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February 10, 1982     Journal Opinion
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February 10, 1982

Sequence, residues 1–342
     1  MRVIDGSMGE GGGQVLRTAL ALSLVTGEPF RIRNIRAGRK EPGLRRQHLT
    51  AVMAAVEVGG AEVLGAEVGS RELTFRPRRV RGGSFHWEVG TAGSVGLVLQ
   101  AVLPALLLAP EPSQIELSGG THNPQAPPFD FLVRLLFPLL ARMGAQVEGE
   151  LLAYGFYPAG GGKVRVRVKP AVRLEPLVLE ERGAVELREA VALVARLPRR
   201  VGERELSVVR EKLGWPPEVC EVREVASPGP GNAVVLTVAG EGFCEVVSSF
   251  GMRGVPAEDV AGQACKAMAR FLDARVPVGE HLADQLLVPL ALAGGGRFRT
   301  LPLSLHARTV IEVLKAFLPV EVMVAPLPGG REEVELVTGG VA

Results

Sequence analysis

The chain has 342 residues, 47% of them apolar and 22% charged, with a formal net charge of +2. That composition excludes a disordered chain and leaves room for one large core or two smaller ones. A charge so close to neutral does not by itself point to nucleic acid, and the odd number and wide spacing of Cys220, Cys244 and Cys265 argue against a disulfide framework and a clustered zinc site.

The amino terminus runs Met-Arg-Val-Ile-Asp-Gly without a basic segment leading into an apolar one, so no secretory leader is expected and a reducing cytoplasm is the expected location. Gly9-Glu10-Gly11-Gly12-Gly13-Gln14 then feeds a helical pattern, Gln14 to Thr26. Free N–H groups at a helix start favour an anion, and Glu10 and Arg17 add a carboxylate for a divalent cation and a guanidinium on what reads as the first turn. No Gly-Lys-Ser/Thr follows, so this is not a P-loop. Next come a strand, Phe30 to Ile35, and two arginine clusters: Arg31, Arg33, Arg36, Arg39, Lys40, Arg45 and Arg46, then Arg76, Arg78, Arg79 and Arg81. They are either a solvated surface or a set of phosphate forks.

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I !NP&apos;S :'dlX:l IO C+r O)Ol llt, Number 6 + Hampshire and Vermont February Serwng Over 48 Communities in Northern New , . + :o,19g2 d$3 ; 00plans t-axx rat t d Taxpa00'ers to free roof for high school charge million Huntington hits 1000 (Story on sports page) e ecrease Bore for Oxbow roof BRADFORD--The Oxbow board is recommending for Insteadh sa'dthatmos o (approximately $175,000). School Board has completed the 1982-83 school year will the money (minus a $295,OOO Fontana said that the in- its budget meetings for the total $t,521,387 as compared to bond amount plus any ad- terest the district will earn New record for la00est Vermont lawsuit development of budget a budget of $1,453,=0 last ditional roof costs)has been from the investment of the recommendations for the1982- year. reinvested toward completion money from the settlement PPELIER-- A County jury has more plaintiffs against the GAF regarding the of leaking roof were installed 12 years of $3,090,092. brakes the record largest amount in a lawsuit in t history. rd was also wsuit against the ration. Last year, Ilmountain Union High and Rodd Roofing Inc., ve n, .Johnsbury (also a ___.f in the Oxbow lawsuit) )w.arded a sum of $2.3 ta in an Orange County |or Court presided over ]lge Steven D. Martin. Mountain, las year, IWarded $1 million in es and Rndd Roofing awarded $1.3 million ling from a faulty GAF lat was installed at the Mountain High School Ig. GAF is currently ling the verdict. e Martin I ; Oxbowalso presided lawsuit that ) ved resulting from a for a change of venue yers representing GAF  Orange County to ton County on Sept. 10 :wr' High School settled  court on Jan. 5 with agreeing to pay the $675,000 in aamages. No Money Yet her plaintiffs in the :ts against GAF have Y received any money the chemical acturing company i00lic meetings discuss 1 u_ budKet . RIVER-- In order to Dr) orm the public about od ed BMU budget, the rig | board, has invited ts to meet with them at r a [t convenient time, as Jl" [I'o:] llay, Feb. 15, 8: Jlly +i roton Town Clerk s because GAF is appealing the court's verdict in the Blue Mountain case. Philip Kolvoord, an attorney representing Rodd Roofing Inc., told the Journal Opinion that he expects that GAF will he appealing last Saturday's Washington County jury verdict. Kolvoord said that last week the jury awarded Rodd Roofing Inc. a total of $2,130,852. $586,352 of that total was awarded for profit lost by the company as a result of in- stalling the roof at Oxbow; $44,500 went to the company for endemnity damages for lawyers fees; another $1,500,000 was awarded to Rodd Roofing for punitive damages. A second plaintiff last week, Burlington architect Roland Whittier, was awarded a sum of $959,220, said Kolvoord. $200,000 of the total went towards lost profit; $9,228 went towards lawyers fees; another $750,000 was awarded to the architect in punitive damages. Kolvoord said that, among the charges in which GAF was found guilty by the jury, last week, were breach of warranty, breach of contract and fraud. Giant Corporation William Rodd Jr. of Rodd Roofing Inc. told the Journal Opinion, "It's very gratifying to know that two court systems in the State of Ver- mont have come down on the side of the little guy against a giant corporation like GAF." Rodd said the reason his company had not settled out of court like Oxbow High School was that GAF had never been sued by a roofer and that the corporation did not want to settle. Rodd said his company .... installed four roofs in Ver- mont with the GAF roofing material -- in Burlington, in St. Albans, at Blue Mountain High School and at Oxbow; the roofs on all four buildings blistered and bubbled almost immediately after they were installed in the late 60's and early 70's. "My first impression was that I couldn't believe It,'"' said Rodd, "We are a good company and I just knew it wasn't us... that we could not have done that badly in all four places." Rodd said last week's verdict was largely due to evidence that his attorneys produced that showed that GAF knew the roof was going to blister before it was in- stalled. This evidence came in the form of the corporation's own documents, said Rodd. GAF is the largest roof manufacturer in the world said Rodd. He added that the corporation is also being sued for other GAF roofs in New York, New Jersey and Florida. MAGIC MOMENT-- At 7:17 of the fourth quarter against U-32, Ron Huntington puts in his 1,000th high school career point. Huntington currently leads the Upper Valley in scoring with a 24+ point average per game. 83 school year and is offering taxpayers in Bradford and Newbury a decrease in the school's tax rate. In Bradford, the school is asking for a tax rate of $2.11 per $100 of assessed property value this year as compared to $2.50 per $100 of assessed property value in 1981. In 1980 the Bradford tax rate stood at $2.37. This year's Bradford tax rate reflects a 15.8 percent decrease from last year: This year in Newbury, the school is asking for a tax rate of $1.41 per $100 of assessed property value as compared to $1.47 in 1981. The year before, in 1980, the Newbury tax rate stood at approximately $1.50 per $100 in assessed valuation. This year's Newbury tax rate reflects an 4 percent decrease from last year. Orange East Supervisory Superintendent John Fontana said that these figures will actually he less when the town decides to raise the money in taxes. He pointed out that in Vermont, state aid to education goes to individual towns rather than to school districts. When the towns receive the state funds and apply them toward the tax rate as set by the school board, said Fontana, the amount the town will actually have to raise will he sub- stantially less than the $2.11 and $1.41 figures. The Budget The budget that the school Among the programs at Oxbow High School that received substantial cuts were the debt service budget, cut by $4,038; monies budget for transportation, lowered by $11,107; media services were cut by $1,042; psychological services were cut by $1,376; monies budgeted for the board of education were also cut by $2,462. Among the major budget increases at the school reflected in the school board's recommended budget are increases in expenditures for instructional programs, up $28,009; vocational programs, up $25,677; executive ad- ministration services, up $4,562; the principal's office budget, up $9,099; the vocational director's office budget was also up $8,523. Actual money budgeted for operation- and maintenance for the school building itself was down by $2,144 over last year. The Roof Settlement When Oxbow settled their lawsuit last month with the GAF Corporation over their leaking roof, the school settled out of court for $675,000. Out of the settlement money, Oxbow's attorney in the case, Sten Lium of St. Johnsbury, received $100,000. According to Fontana, the remaining $575,000 is not in- cluded in the school board's budget recommendation for the 1982-83 school year. ar00le oct/t/on ...... Towns to vote on nuclear arms freeze THETFORD-- When voters in area that have worked to missiles and new aircraft However, petition nuclear arms freeze proposals our area go to their annual place the article up for vote designed primarily to deliver organizers set their sights for last year. town meetings this year to are not representing a par- nuclear weapons, with ver- articles in 100 towns earlier AFirstStep vote on the seemingly regular ticular organization in their tification safeguards this year, McCoster said they McCoster, an architectural issues of town and highway efforts. McCoster called the satisfactory to both coun- are now surprised they have designer and potter, said that budgets and maintenance group "a grassroots' tries." by far surpassed that amount he views the local town most of them will also be movement made up of in- Petitions lgnored and are up to 157 towns. He nuclear armsfreezeproposals voting on an article, placed by dividuals." The article has not been met said support for a nuclear as "a good first step." He petition, that calls for support Although some of the ar- with open arms in all the arms freeze has increased stressed the use of local of a mutual U.S.-Soviet ticles are said to differ towns and municipalities in greatly since last year. support for the proposals to nuclear arms freeze, slightly, a model example of which the petition has been The article will not appear show foreign policy makers in This year, the article will be the wording is the wording of presented. Barre City and on the warning in Thetford Washington that nuclear arms voted on in no less than 157 the article submitted by Town of Barre officials have this year because it was one of control has support at the towns in the State of Ver- petition to the town of Brad- refused to place the article on 18 Vermont towns that passed locallevel. mont--a figure totaling more ford. " " their ballots despite having the article by vote on last Supporters of the nuclear The Article been presented the required year's town meeting day. The The articles states: "By number of signatures on article was passed in all the petition: Shall the State petition. Barre officials towns that petitions were Senators and Representatives claimed they were "under no submitted in last year. These from thisdistrictbeadvisedto obligation" to heed to the towns were: Andover, introduce into the Vermont petitions. Officials in theTown Bakersfield, Burlington, S. Legislature a resolution of Goshen, Vt., are also said to Burlington, Duxbury, Fair- asking the Vermont have refused to place the field, Fletcher, Jericho, Mt. Congressional Delegationto: article on the warning for Holly, Milton, Moretown, "Request the President of their town meeting. Mont-Norwich, Randolph, Rich- the United States to propose to pelier aldermen are con- mend, Ripton, St. Albans, the Soviet Union a mutual ducting an "informal poll", Thetford and Waterbury. freeze on the testing, after receiving a similar Three New Hampshire production, and deployment of petition, in order to be assured towns--Hanover, Plainfield nuclear weapons and of of support for the issue, and Henniker--also passed arms freeze allege that despite official government policy relying on the hope that nuclear weapons will never be used, U.S. officials have considered using nuclear weapons six times since World War If. They also say that, according to the New York Times, on Nov. 9, 1979, a "computer error" led military officials to believe that the U.S. was under nuclear attack from the Soviet Union. Six minutes went by before the than 60 percent of the state's municipalities. According to one petition organizer, Timothy McCoster of Thetford, the article will appear on "just about all" of the warnings for town meeting in Orange County. In order to make this possible, petition gatherers had to obtain signatures from five percent of the voters in each town to get the article on the warning. McCoster said that he and most of the other people in the computer error was discovered. Nine minutes more and allegedly our own missiles would have been launched. No Winners "Nobody wins in a nuclear war," said McCoster. He referred to the nuclear weapons build-up on the part of the U.S. and the Soviet Union as a "nuclear mad- hesS." McCoster said many Ver- mont church groups are supporting the nuclear arms freeze proposal. The proposal is said to be supported nationally by the National Council of Churches, the United Universalist Association, the United Presbyterian Church and the YWCA. State legislatures are said to have supported the proposal in New York, Oregon and Massachusetts. Democratic Senator Patrick Leahy, has ( please turn to page 4) of the entire roof. Last May, district voters approved a $295,000 bond to fund roof repairs at the school. But Fontana said that the money was never actually raised by taxes. The school board did not have to borrow a substantial amount to make their first bill on the repairs will pay off the interest from the loan. The $295,000 bond will be taken out of the set- tlement money so the district's towns will not have to raise it through taxes. The result of the settlement, said Fontana, is a new roof for the entire school with no cost to the taxpayers. Board will announce articles this week HAVERHILL--- The warrant predicts the new budget will of articles for this year's annual Haverhill Cooperative School District meeting is expected to be announced this Wednesday, Feb. l0 at the Haverhill Cooperative District School Board's regular meeting, according to an agenda issued last week by district officials. Along with the an- nouncement of articles to be voted on at the district's an- nual meeting scheduled for March 18, district superin- tendent Norman Mullen is expected to discuss recom- mendations for the district's 1982-83 budget with the school board at Wednesday's (tonight's) meeting. The new budget has been locked in a review process by the district's budget com- mittee over the last month or so. School district officials will present the recommended budget to the public on Monday, Feb. 15---at the district's annual budget hearing. The budget hearing be approximately six percent higher than the 1981-82 budget. The total 1981-82 budget stood at $1,403,952.40. In the five precincts that make up the voting Town of Haverhill, the Haverhill Cooperative School District represents 64 percent of the town's tax rate, according to town selectmen. In other business, the school is expected to act on the setting of tuition charges for the 1982-83 school yeaL District officials are asking for a tuition rate of $641 for kindergarten, $1,282 for elementary age students, $1,695 for junior high students and $2,025 for students wishing to attend Woodsville High School from outside of the district. According to the agenda, the school board will also act on the resignation of a district employee and will hear a report on a hearing held on Monday, Feb. a regarchng financial responsibility in the will be held at the James placement ofanout-of-district Morrill School in N. Haverhill handicapped child at a starting at 7:30 p.m. Haverhill school. Moderate Budget Wednesday's meeting will Increase be held at the Haverhill Mullen has told the schonl Academy Junior High School board at two previous school in Haverhill Corner at 7:30 board meetings that he p.m. school board will 00lve "handtmok committee" a chance BRADFORD--The Oxbow School Board has been per- suaded by complaints from the Oxbow Teachers Association to take steps to look into what teachers describe as a student behavior problem stemming from a lack of consistent discipline at the school. A.s a result of a proposal from the teachers, the school board indicated at their meeting last Thursday that they are in favor of reac- tivating an idle Student Handbook Committee to / further look into the discipline problem and to discuss possible reforms in the present discipline policy at the school. The topic of discipline at Oxbow has been a major one since the teachers association aired their grievances over the issue at the board's January 7 meeting. Approximately 30 teachers attended the meeting at which representative speakers for the group fired charges that the school's administration or (please turn to page 4) Feb. 16, 8:00 Town Clerk's Feb. 18, 8:00 Memorial Res interested in the school board the Feb. at 7:30, in s annual viii be held on Feb. are "all country" at WYKR LLS RIVER-- When been a major part of the A bit of Nashville in IVells River ask Gene Puffer, of Wells River's radio station, to radio station in he will tell music or the sound" has station's programming since the station was started by Gene and his brother Harold in October of 1976 (Harold has since gone into real estate.). But six months ago, WYKR dropped its other music + +. @ ? +'+ , .... 8taUon owner Gene Puffer formats to "go 100 percent country," according to Puffer who now owns the station with his wife Clara. Office manager and announcer Gerry Brooks calls WYKR "a real family operation." And a family operation it is. Owners Gene and Clara Puffer are both heard on the air and Clara is also the station's receptionist. Announcer and program director Steven John (Puffer) is the Puffer's son. Engineer Tim Westman, bookkeeper Faith Westman and ad salesman Ed Westman are another family at the station. Visitors Welcome The Puffers live in the same building in which the station is located--the old school building on S. Main St. in Wells River Village. Gene and Clara have a large apartment upstairs over the studio and their son Steven and his wife also have an apartment in the .... j building. ,+..., Other personnel at the  station besides the Puffers and the Westmans include i0ii] i}! iii Clara Puffer Brooks, music director and announcer Rick Davis and secretary Deborah Milnor. The small I00 watt station is housed on the ground floor of the old school building and is laid out in glassed-in sections in order, said Puffer, to open the station up to the public. Puffer said they encourage the public to visit the station and have welcomed school groups in the past. Puffer rents out another section of the building to the Orange County Probate Court of Wells River, presided over by Judg Rena Vigneau. The old school building is on the National Historic Register, said Puffer. People Want It "The reason we are (playing) country is because the people want it," says Puffer who cites what he sees as a favorable response from the com- munity. Puffer is proud of the station and his staff, but also with his affiliation i: ! Gerry Brooks / Steven John (Puffer) with a number of country music performers who have been in contact with Wq<R in one way or another. WYKR is the only i Vermont station that reports to a country music trade magazine called Radio and Records Magazine which helps formulate the charts  for country music. Pictures of Puffer clasping hands with a number of country music recording artists line the window sill across from the desk in his office. Country music per- former Boxcar Willie has visited WYKR in his travels through the area, said Puffer and he added that recording artist Sonny James recently called the station from Nashville. Sports Coverage The station is also known as the "Voice of Norwich Football" in the fall and the WYKR staff say they pride themselves on their local sports broadcasts of area high school basketball and Rick Davis t The old Wells River school building that houses WYKR baseball games. The station also broadcasts town team softball games plus local store "grand openings" and fair coverage. What is ahead for WYKR in 19827 Gerry Brooks said the station is anxiously awaiting the proposed relaxation of FCC regulations that presently require the station to shut down their power from lt10 to 250 watts at night. Puffer said more country music is sure to be in store in the years to come. "Surveys show," he said, "that country music will con- tinue to be popular in this area, at least for the next five years." I !NP'S :'dlX:l IO C+r O)Ol llt, Number 6 + Hampshire and Vermont February Serwng Over 48 Communities in Northern New , . + :o,19g2 d$3 ; 00plans t-axx rat t d Taxpa00'ers to free roof for high school charge million Huntington hits 1000 (Story on sports page) e ecrease Bore for Oxbow roof BRADFORD--The Oxbow board is recommending for Insteadh sa'dthatmos o (approximately $175,000). School Board has completed the 1982-83 school year will the money (minus a $295,OOO Fontana said that the in- its budget meetings for the total $t,521,387 as compared to bond amount plus any ad- terest the district will earn New record for la00est Vermont lawsuit development of budget a budget of $1,453,=0 last ditional roof costs)has been from the investment of the recommendations for the1982- year. reinvested toward completion money from the settlement PPELIER-- A County jury has more plaintiffs against the GAF regarding the of leaking roof were installed 12 years of $3,090,092. brakes the record largest amount in a lawsuit in t history. rd was also wsuit against the ration. Last year, Ilmountain Union High and Rodd Roofing Inc., ve n, .Johnsbury (also a ___.f in the Oxbow lawsuit) )w.arded a sum of $2.3 ta in an Orange County |or Court presided over ]lge Steven D. Martin. Mountain, las year, IWarded $1 million in es and Rndd Roofing awarded $1.3 million ling from a faulty GAF lat was installed at the Mountain High School Ig. GAF is currently ling the verdict. e Martin I ; Oxbowalso presided lawsuit that ) ved resulting from a for a change of venue yers representing GAF  Orange County to ton County on Sept. 10 :wr' High School settled  court on Jan. 5 with agreeing to pay the $675,000 in aamages. No Money Yet her plaintiffs in the :ts against GAF have Y received any money the chemical acturing company i00lic meetings discuss 1 u_ budKet . RIVER-- In order to Dr) orm the public about od ed BMU budget, the rig | board, has invited ts to meet with them at r a [t convenient time, as Jl" [I'o:] llay, Feb. 15, 8: Jlly +i roton Town Clerk s because GAF is appealing the court's verdict in the Blue Mountain case. Philip Kolvoord, an attorney representing Rodd Roofing Inc., told the Journal Opinion that he expects that GAF will he appealing last Saturday's Washington County jury verdict. Kolvoord said that last week the jury awarded Rodd Roofing Inc. a total of $2,130,852. $586,352 of that total was awarded for profit lost by the company as a result of in- stalling the roof at Oxbow; $44,500 went to the company for endemnity damages for lawyers fees; another $1,500,000 was awarded to Rodd Roofing for punitive damages. A second plaintiff last week, Burlington architect Roland Whittier, was awarded a sum of $959,220, said Kolvoord. $200,000 of the total went towards lost profit; $9,228 went towards lawyers fees; another $750,000 was awarded to the architect in punitive damages. Kolvoord said that, among the charges in which GAF was found guilty by the jury, last week, were breach of warranty, breach of contract and fraud. Giant Corporation William Rodd Jr. of Rodd Roofing Inc. told the Journal Opinion, "It's very gratifying to know that two court systems in the State of Ver- mont have come down on the side of the little guy against a giant corporation like GAF." Rodd said the reason his company had not settled out of court like Oxbow High School was that GAF had never been sued by a roofer and that the corporation did not want to settle. Rodd said his company .... installed four roofs in Ver- mont with the GAF roofing material -- in Burlington, in St. Albans, at Blue Mountain High School and at Oxbow; the roofs on all four buildings blistered and bubbled almost immediately after they were installed in the late 60's and early 70's. "My first impression was that I couldn't believe It,'"' said Rodd, "We are a good company and I just knew it wasn't us... that we could not have done that badly in all four places." Rodd said last week's verdict was largely due to evidence that his attorneys produced that showed that GAF knew the roof was going to blister before it was in- stalled. This evidence came in the form of the corporation's own documents, said Rodd. GAF is the largest roof manufacturer in the world said Rodd. He added that the corporation is also being sued for other GAF roofs in New York, New Jersey and Florida. MAGIC MOMENT-- At 7:17 of the fourth quarter against U-32, Ron Huntington puts in his 1,000th high school career point. Huntington currently leads the Upper Valley in scoring with a 24+ point average per game. 83 school year and is offering taxpayers in Bradford and Newbury a decrease in the school's tax rate. In Bradford, the school is asking for a tax rate of $2.11 per $100 of assessed property value this year as compared to $2.50 per $100 of assessed property value in 1981. In 1980 the Bradford tax rate stood at $2.37. This year's Bradford tax rate reflects a 15.8 percent decrease from last year: This year in Newbury, the school is asking for a tax rate of $1.41 per $100 of assessed property value as compared to $1.47 in 1981. The year before, in 1980, the Newbury tax rate stood at approximately $1.50 per $100 in assessed valuation. This year's Newbury tax rate reflects an 4 percent decrease from last year. Orange East Supervisory Superintendent John Fontana said that these figures will actually he less when the town decides to raise the money in taxes. He pointed out that in Vermont, state aid to education goes to individual towns rather than to school districts. When the towns receive the state funds and apply them toward the tax rate as set by the school board, said Fontana, the amount the town will actually have to raise will he sub- stantially less than the $2.11 and $1.41 figures. The Budget The budget that the school Among the programs at Oxbow High School that received substantial cuts were the debt service budget, cut by $4,038; monies budget for transportation, lowered by $11,107; media services were cut by $1,042; psychological services were cut by $1,376; monies budgeted for the board of education were also cut by $2,462. Among the major budget increases at the school reflected in the school board's recommended budget are increases in expenditures for instructional programs, up $28,009; vocational programs, up $25,677; executive ad- ministration services, up $4,562; the principal's office budget, up $9,099; the vocational director's office budget was also up $8,523. Actual money budgeted for operation- and maintenance for the school building itself was down by $2,144 over last year. The Roof Settlement When Oxbow settled their lawsuit last month with the GAF Corporation over their leaking roof, the school settled out of court for $675,000. Out of the settlement money, Oxbow's attorney in the case, Sten Lium of St. Johnsbury, received $100,000. According to Fontana, the remaining $575,000 is not in- cluded in the school board's budget recommendation for the 1982-83 school year. ar00le oct/t/on ...... Towns to vote on nuclear arms freeze THETFORD-- When voters in area that have worked to missiles and new aircraft However, petition nuclear arms freeze proposals our area go to their annual place the article up for vote designed primarily to deliver organizers set their sights for last year. town meetings this year to are not representing a par- nuclear weapons, with ver- articles in 100 towns earlier AFirstStep vote on the seemingly regular ticular organization in their tification safeguards this year, McCoster said they McCoster, an architectural issues of town and highway efforts. McCoster called the satisfactory to both coun- are now surprised they have designer and potter, said that budgets and maintenance group "a grassroots' tries." by far surpassed that amount he views the local town most of them will also be movement made up of in- Petitions lgnored and are up to 157 towns. He nuclear armsfreezeproposals voting on an article, placed by dividuals." The article has not been met said support for a nuclear as "a good first step." He petition, that calls for support Although some of the ar- with open arms in all the arms freeze has increased stressed the use of local of a mutual U.S.-Soviet ticles are said to differ towns and municipalities in greatly since last year. support for the proposals to nuclear arms freeze, slightly, a model example of which the petition has been The article will not appear show foreign policy makers in This year, the article will be the wording is the wording of presented. Barre City and on the warning in Thetford Washington that nuclear arms voted on in no less than 157 the article submitted by Town of Barre officials have this year because it was one of control has support at the towns in the State of Ver- petition to the town of Brad- refused to place the article on 18 Vermont towns that passed locallevel. mont--a figure totaling more ford. " " their ballots despite having the article by vote on last Supporters of the nuclear The Article been presented the required year's town meeting day. The The articles states: "By number of signatures on article was passed in all the petition: Shall the State petition. Barre officials towns that petitions were Senators and Representatives claimed they were "under no submitted in last year. These from thisdistrictbeadvisedto obligation" to heed to the towns were: Andover, introduce into the Vermont petitions. Officials in theTown Bakersfield, Burlington, S. Legislature a resolution of Goshen, Vt., are also said to Burlington, Duxbury, Fair- asking the Vermont have refused to place the field, Fletcher, Jericho, Mt. Congressional Delegationto: article on the warning for Holly, Milton, Moretown, "Request the President of their town meeting. Mont-Norwich, Randolph, Rich- the United States to propose to pelier aldermen are con- mend, Ripton, St. Albans, the Soviet Union a mutual ducting an "informal poll", Thetford and Waterbury. freeze on the testing, after receiving a similar Three New Hampshire production, and deployment of petition, in order to be assured towns--Hanover, Plainfield nuclear weapons and of of support for the issue, and Henniker--also passed arms freeze allege that despite official government policy relying on the hope that nuclear weapons will never be used, U.S. officials have considered using nuclear weapons six times since World War If. They also say that, according to the New York Times, on Nov. 9, 1979, a "computer error" led military officials to believe that the U.S. was under nuclear attack from the Soviet Union. Six minutes went by before the than 60 percent of the state's municipalities. According to one petition organizer, Timothy McCoster of Thetford, the article will appear on "just about all" of the warnings for town meeting in Orange County. In order to make this possible, petition gatherers had to obtain signatures from five percent of the voters in each town to get the article on the warning. McCoster said that he and most of the other people in the computer error was discovered. Nine minutes more and allegedly our own missiles would have been launched. No Winners "Nobody wins in a nuclear war," said McCoster. He referred to the nuclear weapons build-up on the part of the U.S. and the Soviet Union as a "nuclear mad- hesS." McCoster said many Ver- mont church groups are supporting the nuclear arms freeze proposal. The proposal is said to be supported nationally by the National Council of Churches, the United Universalist Association, the United Presbyterian Church and the YWCA. State legislatures are said to have supported the proposal in New York, Oregon and Massachusetts. Democratic Senator Patrick Leahy, has ( please turn to page 4) of the entire roof. Last May, district voters approved a $295,000 bond to fund roof repairs at the school. But Fontana said that the money was never actually raised by taxes. The school board did not have to borrow a substantial amount to make their first bill on the repairs will pay off the interest from the loan. The $295,000 bond will be taken out of the set- tlement money so the district's towns will not have to raise it through taxes. The result of the settlement, said Fontana, is a new roof for the entire school with no cost to the taxpayers. Board will announce articles this week HAVERHILL--- The warrant predicts the new budget will of articles for this year's annual Haverhill Cooperative School District meeting is expected to be announced this Wednesday, Feb. l0 at the Haverhill Cooperative District School Board's regular meeting, according to an agenda issued last week by district officials. Along with the an- nouncement of articles to be voted on at the district's an- nual meeting scheduled for March 18, district superin- tendent Norman Mullen is expected to discuss recom- mendations for the district's 1982-83 budget with the school board at Wednesday's (tonight's) meeting. The new budget has been locked in a review process by the district's budget com- mittee over the last month or so. School district officials will present the recommended budget to the public on Monday, Feb. 15---at the district's annual budget hearing. The budget hearing be approximately six percent higher than the 1981-82 budget. The total 1981-82 budget stood at $1,403,952.40. In the five precincts that make up the voting Town of Haverhill, the Haverhill Cooperative School District represents 64 percent of the town's tax rate, according to town selectmen. In other business, the school is expected to act on the setting of tuition charges for the 1982-83 school yeaL District officials are asking for a tuition rate of $641 for kindergarten, $1,282 for elementary age students, $1,695 for junior high students and $2,025 for students wishing to attend Woodsville High School from outside of the district. According to the agenda, the school board will also act on the resignation of a district employee and will hear a report on a hearing held on Monday, Feb. a regarchng financial responsibility in the will be held at the James placement ofanout-of-district Morrill School in N. Haverhill handicapped child at a starting at 7:30 p.m. Haverhill school. Moderate Budget Wednesday's meeting will Increase be held at the Haverhill Mullen has told the schonl Academy Junior High School board at two previous school in Haverhill Corner at 7:30 board meetings that he p.m. school board will 00lve "handtmok committee" a chance BRADFORD--The Oxbow School Board has been per- suaded by complaints from the Oxbow Teachers Association to take steps to look into what teachers describe as a student behavior problem stemming from a lack of consistent discipline at the school. A.s a result of a proposal from the teachers, the school board indicated at their meeting last Thursday that they are in favor of reac- tivating an idle Student Handbook Committee to / further look into the discipline problem and to discuss possible reforms in the present discipline policy at the school. The topic of discipline at Oxbow has been a major one since the teachers association aired their grievances over the issue at the board's January 7 meeting. Approximately 30 teachers attended the meeting at which representative speakers for the group fired charges that the school's administration or (please turn to page 4) Feb. 16, 8:00 Town Clerk's Feb. 18, 8:00 Memorial Res interested in the school board the Feb. at 7:30, in s annual viii be held on Feb. are "all country" at WYKR LLS RIVER-- When been a major part of the A bit of Nashville in IVells River ask Gene Puffer, of Wells River's radio station, to radio station in he will tell music or the sound" has station's programming since the station was started by Gene and his brother Harold in October of 1976 (Harold has since gone into real estate.). But six months ago, WYKR dropped its other music + +. @ ? +'+ , .... 8taUon owner Gene Puffer formats to "go 100 percent country," according to Puffer who now owns the station with his wife Clara. Office manager and announcer Gerry Brooks calls WYKR "a real family operation." And a family operation it is. Owners Gene and Clara Puffer are both heard on the air and Clara is also the station's receptionist. Announcer and program director Steven John (Puffer) is the Puffer's son. Engineer Tim Westman, bookkeeper Faith Westman and ad salesman Ed Westman are another family at the station. Visitors Welcome The Puffers live in the same building in which the station is located--the old school building on S. Main St. in Wells River Village. Gene and Clara have a large apartment upstairs over the studio and their son Steven and his wife also have an apartment in the .... j building. ,+..., Other personnel at the  station besides the Puffers and the Westmans include i0ii] i}! iii Clara Puffer Brooks, music director and announcer Rick Davis and secretary Deborah Milnor. The small I00 watt station is housed on the ground floor of the old school building and is laid out in glassed-in sections in order, said Puffer, to open the station up to the public. Puffer said they encourage the public to visit the station and have welcomed school groups in the past. Puffer rents out another section of the building to the Orange County Probate Court of Wells River, presided over by Judg Rena Vigneau. The old school building is on the National Historic Register, said Puffer. People Want It "The reason we are (playing) country is because the people want it," says Puffer who cites what he sees as a favorable response from the com- munity. Puffer is proud of the station and his staff, but also with his affiliation i: ! Gerry Brooks / Steven John (Puffer) with a number of country music performers who have been in contact with Wq<R in one way or another. WYKR is the only i Vermont station that reports to a country music trade magazine called Radio and Records Magazine which helps formulate the charts  for country music. Pictures of Puffer clasping hands with a number of country music recording artists line the window sill across from the desk in his office. Country music per- former Boxcar Willie has visited WYKR in his travels through the area, said Puffer and he added that recording artist Sonny James recently called the station from Nashville. Sports Coverage The station is also known as the "Voice of Norwich Football" in the fall and the WYKR staff say they pride themselves on their local sports broadcasts of area high school basketball and Rick Davis t The old Wells River school building that houses WYKR baseball games. The station also broadcasts town team softball games plus local store "grand openings" and fair coverage. What is ahead for WYKR in 19827 Gerry Brooks said the station is anxiously awaiting the proposed relaxation of FCC regulations that presently require the station to shut down their power from lt10 to 250 watts at night. Puffer said more country music is sure to be in store in the years to come. "Surveys show," he said, "that country music will con- tinue to be popular in this area, at least for the next five years."